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Ahead Of Pandemic Primary, Nearly 30 Percent Of Allegheny County Voters Apply To Vote By Mail

Lucy Perkins
90.5 WESA

In its last public meeting before the June 2 primary, the Allegheny County Board of Elections met Tuesday to run through final details and plans for the upcoming election, which could lead to higher-than-normal turnout despite the threat of a global pandemic.
The board heard that the county's elections office has received 225,000 applications to vote by mail and processed 189,000 applications so far. It's received 42,000 completed ballots back from voters.

“I’d like to thank all the hard-working employees at the department of election who have been working tirelessly seven days a week for the last six weeks,” said Jerry Tyskiewicz, who heads the department of administrative services.

Election workers are running in three shifts, from 7 a.m. to 11 p.m. to process applications, fold and mail ballots, with assistance from employees from the court records department and seasonal park staff. 

"We are processing applications day and night," said elections manager Dave Voye. "We're processing them as fast as we can."
There are nearly 800,000 registered Democrats and Republicans in Allegheny County, according to the Department of State. If every person who requested a mail-in ballot votes, that will lead to a 28 percent turnout through mail-in voting, not including anyone who votes in-person on Election Day. That turnout rate would surpass the last uncontested presidential primary in 2012, in which turnout was 22 percent, according to election officials.

For those who do vote in-person, the election division asked that voters practice social distancing and wear a mask. County employees will be outside every polling place to remind voters of the new safety procedures. Inside the polling places, poll workers will use blue tape to demarcate where voters can stand.

To protect election staff, each poll worker will receive a personal kit that includes hand sanitizer, gloves, masks and wipes to clean high touch areas. The board also voted unanimously to boost pay for poll workers to $200. Poll workers usually make between $115 and $140. The hazard pay increase will be a one-time change.

“We’re doing everything we can to protect the safety and health of everybody," said county executive Rich Fitzgerald, "but it’s still a process where they have to come and spend at least 13 hours and it’s more than that when you get there early and stay beyond the 8 o’clock hour.”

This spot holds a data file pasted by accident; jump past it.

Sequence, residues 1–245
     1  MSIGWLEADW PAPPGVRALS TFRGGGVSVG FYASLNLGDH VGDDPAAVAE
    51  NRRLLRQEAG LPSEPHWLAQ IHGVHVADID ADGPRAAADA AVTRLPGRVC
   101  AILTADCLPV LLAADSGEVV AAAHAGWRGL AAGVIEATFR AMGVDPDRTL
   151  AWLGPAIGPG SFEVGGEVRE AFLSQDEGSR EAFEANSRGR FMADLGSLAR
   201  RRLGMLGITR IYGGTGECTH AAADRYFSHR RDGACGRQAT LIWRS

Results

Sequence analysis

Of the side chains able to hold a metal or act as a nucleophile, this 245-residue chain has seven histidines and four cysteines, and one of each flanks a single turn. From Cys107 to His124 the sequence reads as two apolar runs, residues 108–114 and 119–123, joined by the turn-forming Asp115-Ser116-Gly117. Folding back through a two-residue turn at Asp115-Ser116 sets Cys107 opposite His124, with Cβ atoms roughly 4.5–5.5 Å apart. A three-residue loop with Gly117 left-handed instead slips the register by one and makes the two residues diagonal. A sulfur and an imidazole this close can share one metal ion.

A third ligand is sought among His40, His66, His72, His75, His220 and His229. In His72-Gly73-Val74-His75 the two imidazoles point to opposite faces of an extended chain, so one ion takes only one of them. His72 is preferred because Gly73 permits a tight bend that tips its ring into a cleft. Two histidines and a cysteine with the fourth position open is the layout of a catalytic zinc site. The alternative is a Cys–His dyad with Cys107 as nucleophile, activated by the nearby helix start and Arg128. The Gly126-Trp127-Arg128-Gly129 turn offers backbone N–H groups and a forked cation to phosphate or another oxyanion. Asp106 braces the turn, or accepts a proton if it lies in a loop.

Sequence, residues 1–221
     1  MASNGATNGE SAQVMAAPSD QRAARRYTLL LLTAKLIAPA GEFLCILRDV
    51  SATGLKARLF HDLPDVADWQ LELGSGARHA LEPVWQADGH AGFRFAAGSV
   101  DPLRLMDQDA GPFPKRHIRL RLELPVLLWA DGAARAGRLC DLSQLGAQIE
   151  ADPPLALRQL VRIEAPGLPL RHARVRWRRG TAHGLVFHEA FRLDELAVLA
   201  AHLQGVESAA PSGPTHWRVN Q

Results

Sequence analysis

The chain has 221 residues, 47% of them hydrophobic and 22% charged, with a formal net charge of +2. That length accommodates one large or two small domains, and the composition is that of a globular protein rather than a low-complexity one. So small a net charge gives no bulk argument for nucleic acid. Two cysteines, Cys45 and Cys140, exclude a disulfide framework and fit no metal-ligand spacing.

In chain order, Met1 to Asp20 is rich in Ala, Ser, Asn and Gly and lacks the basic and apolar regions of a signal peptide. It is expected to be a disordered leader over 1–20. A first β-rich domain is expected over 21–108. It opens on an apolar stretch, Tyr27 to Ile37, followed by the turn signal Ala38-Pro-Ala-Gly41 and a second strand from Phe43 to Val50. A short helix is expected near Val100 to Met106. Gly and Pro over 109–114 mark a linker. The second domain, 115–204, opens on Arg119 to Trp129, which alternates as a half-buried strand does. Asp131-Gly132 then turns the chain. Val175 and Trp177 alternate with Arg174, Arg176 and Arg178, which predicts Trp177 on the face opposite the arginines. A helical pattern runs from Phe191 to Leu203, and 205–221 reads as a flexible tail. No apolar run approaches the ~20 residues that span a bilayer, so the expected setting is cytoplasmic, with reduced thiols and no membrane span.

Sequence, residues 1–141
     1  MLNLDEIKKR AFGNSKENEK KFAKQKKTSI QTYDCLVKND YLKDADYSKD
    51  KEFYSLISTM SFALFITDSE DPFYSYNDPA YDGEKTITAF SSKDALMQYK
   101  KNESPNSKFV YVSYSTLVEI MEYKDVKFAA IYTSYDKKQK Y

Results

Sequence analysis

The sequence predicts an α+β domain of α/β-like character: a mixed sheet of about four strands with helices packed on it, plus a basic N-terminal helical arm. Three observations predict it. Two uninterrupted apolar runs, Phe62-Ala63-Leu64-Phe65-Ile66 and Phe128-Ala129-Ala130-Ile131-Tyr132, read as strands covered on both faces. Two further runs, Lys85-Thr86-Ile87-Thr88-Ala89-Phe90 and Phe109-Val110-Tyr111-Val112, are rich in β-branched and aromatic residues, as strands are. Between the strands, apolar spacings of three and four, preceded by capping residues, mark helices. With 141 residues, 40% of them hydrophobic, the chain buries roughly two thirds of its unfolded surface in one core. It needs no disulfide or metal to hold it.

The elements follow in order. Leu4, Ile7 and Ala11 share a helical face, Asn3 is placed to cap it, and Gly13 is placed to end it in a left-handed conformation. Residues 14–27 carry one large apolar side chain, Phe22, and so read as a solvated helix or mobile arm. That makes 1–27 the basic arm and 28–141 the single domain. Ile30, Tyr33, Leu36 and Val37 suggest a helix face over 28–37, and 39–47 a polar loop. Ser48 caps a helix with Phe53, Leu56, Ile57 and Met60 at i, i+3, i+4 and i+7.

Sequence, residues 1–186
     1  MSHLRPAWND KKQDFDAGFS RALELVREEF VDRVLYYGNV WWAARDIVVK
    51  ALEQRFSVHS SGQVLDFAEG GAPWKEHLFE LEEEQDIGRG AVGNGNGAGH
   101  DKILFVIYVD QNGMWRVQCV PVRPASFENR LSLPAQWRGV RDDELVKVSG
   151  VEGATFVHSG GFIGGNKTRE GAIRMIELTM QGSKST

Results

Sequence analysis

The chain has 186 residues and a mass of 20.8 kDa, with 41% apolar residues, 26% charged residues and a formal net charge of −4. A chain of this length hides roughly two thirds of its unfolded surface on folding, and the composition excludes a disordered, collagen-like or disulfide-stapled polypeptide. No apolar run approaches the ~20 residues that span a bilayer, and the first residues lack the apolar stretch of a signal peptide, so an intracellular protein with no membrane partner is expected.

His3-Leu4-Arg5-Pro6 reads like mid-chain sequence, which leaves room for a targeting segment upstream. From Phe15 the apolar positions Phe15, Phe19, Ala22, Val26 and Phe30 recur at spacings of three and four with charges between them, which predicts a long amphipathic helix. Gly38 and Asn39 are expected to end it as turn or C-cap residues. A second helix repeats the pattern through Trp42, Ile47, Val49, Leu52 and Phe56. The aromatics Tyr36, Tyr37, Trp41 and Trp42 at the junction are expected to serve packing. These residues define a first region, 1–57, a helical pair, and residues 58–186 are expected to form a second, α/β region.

But while the measure was approved unanimously, there were questions from board members about how poll workers were being selected to work the primary.

"A lot of poll workers have been reaching out to me saying that they contacted the county, they're used to working Election Day at the polls and they're being told they were not needed," said Democratic County Councilor Bethany Hallam, a member of the Election Board. "Why is that happening?"

Voye said that because there are fewer polling places open, they may not be needed in their home municipality, but that if poll workers are willing to go elsewhere they can call. He also confirmed that the county is following up with elected poll workers who have expressed interest in working.

Republican County Councilor Sam DeMarco said he's also heard concerns from across the county over how poll workers were being assigned.

"I'll use Bradford Woods for example, where I was told there would be two county employees and a Democratic committeewoman, and I was hearing from the minority party that was saying that they weren't being represented," DeMarco said. "What are we doing to ensure that we are providing that minority representation?"

Voye said that the department strictly went by the list of people who normally work.

"To use Bradford Woods as your example, we have a list of five or six poll workers that have been working there probably for the last 10 or 15 years. Those are the poll workers we call: We didn't associate party with it. And I can also tell you we didn't staff any county employees to work inside."

Following Tuesday's meeting, Allegheny County Republican House members slammed Allegheny County's primary plan, which proposes reducing polling places from 1,323 to less than 300. In a statement, the representatives said the plan violates Act 12, the law that allows counties to consolidate as much as 60 percent polling places during the pandemic. Larger consolidation requires approval from the Department of State.

"Interestingly, the Pennsylvania Department of State sent a letter to Allegheny County approving the consolidation on Sunday; however, the county released the consolidation plan to the public on Friday, sans state approval," the statement said. (County officials told WESA last week that the state had given the plan informal approval before they released it to the public.) 

The primary is June 2. The last day to apply to vote by mail is May 26 at 5 p.m. The department of elections must receive ballots by 8 p.m. on election night in order to count them.